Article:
August 29, 2007
Preview of the Moroccan elections, part III
It is a very fitting symbol that former interior minister Driss Basri died today Monday of cirrhosis (he was a heavy drinker, as many sécuritaires tend to be nowadays), a few days into the official electoral campaign for the Moroccan House of Representatives (1). Deputy minister of the interior from to 1974 to 1977, he was Morocco's all-powerful minister of the interior from 1977 to a few months after the death of the late king, Hassan II, in 1999. If the few elections held before his time - general elections of 1963 and 1970, local elections of 1960 - were too few and perhaps too early to establish Morocco's democratic credentials (that of 1963 was clean while that of 1970 was a sham), the ones held thereafter were managed in a way that allowed him to run the whole gamut of his manipulative, divisive, corruptive and deeply undemocratic electoral techniques.
Driss Basri liked to wave his dubious academic credentials (2) to fend off accusations of heavy-handedness, and to distinguish himself from former strongmen Mohamed Oufkir and Ahmed Dlimi, both officers scarcely known for their intellectual capacity or political acumen. His real expertise was however in the field of "electoral engineering", wink wink, nod nod, say no more... In that field, the Basri electoral machine met few matches.
Gerrymandering wasn't even needed back then (it is probably a sign of relative progress that it is the main manipulative instrument at the hands of the ministry of the interior today), and as for stuffing the ballot boxes, any thirld world country and many regions or cities in the first world (just think of Florida in 2000, Chicago in 1960, Corsica since Napoleon, Paris under Chirac's and Tiberi's mayorships and probably quite a few Italian precincts) could easily claim the top of the podium. What really distinguished Basri's electoral shehanigans was his manoeuvring, which fitted somewhat with John Waterbury's otherwise widely criticised - but this is another debate - segmentarity theory (3).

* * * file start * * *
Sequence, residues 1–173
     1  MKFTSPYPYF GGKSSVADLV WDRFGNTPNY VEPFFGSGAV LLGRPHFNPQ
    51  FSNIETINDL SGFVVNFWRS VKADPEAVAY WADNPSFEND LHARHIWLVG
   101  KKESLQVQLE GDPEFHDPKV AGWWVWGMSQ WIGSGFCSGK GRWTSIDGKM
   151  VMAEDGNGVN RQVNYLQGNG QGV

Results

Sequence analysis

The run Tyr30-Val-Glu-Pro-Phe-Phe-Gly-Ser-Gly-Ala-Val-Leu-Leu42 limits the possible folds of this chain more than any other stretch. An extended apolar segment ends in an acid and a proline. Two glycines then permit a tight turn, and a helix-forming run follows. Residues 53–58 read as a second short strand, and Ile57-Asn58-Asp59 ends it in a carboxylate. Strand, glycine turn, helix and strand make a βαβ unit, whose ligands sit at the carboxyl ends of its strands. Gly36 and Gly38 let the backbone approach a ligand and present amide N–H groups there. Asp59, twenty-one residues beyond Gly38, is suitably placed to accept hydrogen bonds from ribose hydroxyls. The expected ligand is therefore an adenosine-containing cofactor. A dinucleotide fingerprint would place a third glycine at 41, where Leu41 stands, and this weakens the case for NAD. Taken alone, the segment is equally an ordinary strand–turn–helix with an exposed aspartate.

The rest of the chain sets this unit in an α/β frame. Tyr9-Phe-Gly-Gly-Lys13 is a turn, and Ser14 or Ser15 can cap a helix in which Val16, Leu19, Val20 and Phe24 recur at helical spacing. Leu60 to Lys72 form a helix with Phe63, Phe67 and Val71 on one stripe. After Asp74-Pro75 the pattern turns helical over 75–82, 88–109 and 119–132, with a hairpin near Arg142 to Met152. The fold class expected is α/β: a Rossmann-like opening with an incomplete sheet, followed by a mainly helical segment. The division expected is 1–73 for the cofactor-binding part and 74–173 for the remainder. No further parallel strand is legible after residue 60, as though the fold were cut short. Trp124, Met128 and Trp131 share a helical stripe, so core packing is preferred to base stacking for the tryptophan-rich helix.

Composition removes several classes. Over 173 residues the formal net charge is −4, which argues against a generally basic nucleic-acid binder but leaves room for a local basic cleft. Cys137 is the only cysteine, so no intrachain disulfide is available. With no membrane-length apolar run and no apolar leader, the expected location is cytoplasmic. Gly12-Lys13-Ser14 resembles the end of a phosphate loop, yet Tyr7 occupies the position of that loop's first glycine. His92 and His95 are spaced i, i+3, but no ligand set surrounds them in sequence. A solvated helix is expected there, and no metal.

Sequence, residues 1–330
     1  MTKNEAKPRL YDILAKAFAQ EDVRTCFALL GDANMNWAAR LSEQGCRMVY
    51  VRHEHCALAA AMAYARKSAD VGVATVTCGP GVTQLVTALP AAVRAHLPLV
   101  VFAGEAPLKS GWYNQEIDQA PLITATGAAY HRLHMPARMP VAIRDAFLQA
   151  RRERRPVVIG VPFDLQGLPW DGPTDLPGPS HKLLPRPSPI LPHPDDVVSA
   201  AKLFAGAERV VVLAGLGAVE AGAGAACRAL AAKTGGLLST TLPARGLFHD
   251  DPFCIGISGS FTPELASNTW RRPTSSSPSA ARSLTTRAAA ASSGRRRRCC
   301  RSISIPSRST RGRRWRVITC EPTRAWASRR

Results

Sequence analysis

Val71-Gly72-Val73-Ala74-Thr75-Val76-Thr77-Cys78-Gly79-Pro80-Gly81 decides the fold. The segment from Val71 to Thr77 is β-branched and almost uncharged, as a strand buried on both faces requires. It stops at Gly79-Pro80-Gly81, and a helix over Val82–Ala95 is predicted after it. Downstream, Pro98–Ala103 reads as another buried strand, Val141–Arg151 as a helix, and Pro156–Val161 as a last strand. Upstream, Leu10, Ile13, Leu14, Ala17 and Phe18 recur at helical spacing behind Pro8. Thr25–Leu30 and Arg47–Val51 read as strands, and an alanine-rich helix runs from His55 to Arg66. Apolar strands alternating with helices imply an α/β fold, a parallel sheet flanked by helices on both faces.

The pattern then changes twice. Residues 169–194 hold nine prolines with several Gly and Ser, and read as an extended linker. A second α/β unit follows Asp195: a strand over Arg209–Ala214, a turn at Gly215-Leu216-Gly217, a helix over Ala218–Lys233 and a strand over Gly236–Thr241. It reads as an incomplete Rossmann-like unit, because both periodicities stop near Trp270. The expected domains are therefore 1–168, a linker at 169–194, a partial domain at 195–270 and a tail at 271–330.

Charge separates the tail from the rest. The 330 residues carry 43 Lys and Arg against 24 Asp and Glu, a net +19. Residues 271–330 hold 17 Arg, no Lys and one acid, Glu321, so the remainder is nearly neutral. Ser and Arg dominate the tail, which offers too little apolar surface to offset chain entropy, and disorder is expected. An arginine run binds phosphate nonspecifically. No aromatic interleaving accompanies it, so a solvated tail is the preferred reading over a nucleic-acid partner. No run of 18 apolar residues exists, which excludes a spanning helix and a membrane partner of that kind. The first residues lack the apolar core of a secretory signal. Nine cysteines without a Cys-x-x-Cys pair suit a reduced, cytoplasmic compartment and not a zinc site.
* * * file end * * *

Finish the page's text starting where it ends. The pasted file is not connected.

Basri, acting of course on royal instructions, was not content with winning elections that were in fact lost in the polling booths - as keen as he was on never letting the then opposition (4) win the elections or even come a close second, he also was in ensuring that the opposition parties, and especially their leadership, always had enough to lose from breaking with the makhzen to keep them on board. His ill-famed predecessor as the strongman of the régime, general Mohamed Oufkir, a brutish colonial officer, was more of the sledghammer type, taking personally part in the indiscriminate shooting of hundreds of youths and students in the Casablanca riots of March 23, 1965, and rumored to have killed with his own hands Mehdi Ben Barka, socialist and tiers-mondiste opposition leader of international fame kidnapped in Paris in 1965 never to reappear again. This ferociously repressive line, which was of course that of King Hassan II, led the opposition parties to condone political violence: while the left-wing of the UNFP, the ancestor of the USFP, initiated a catastrophic and bloody venture into Che Guevara-like guerilla in 1973, both the Istiqlal and the UNFP had contacts with the 1971-72 plotters (5). The hardline approach had just served to isolate the King.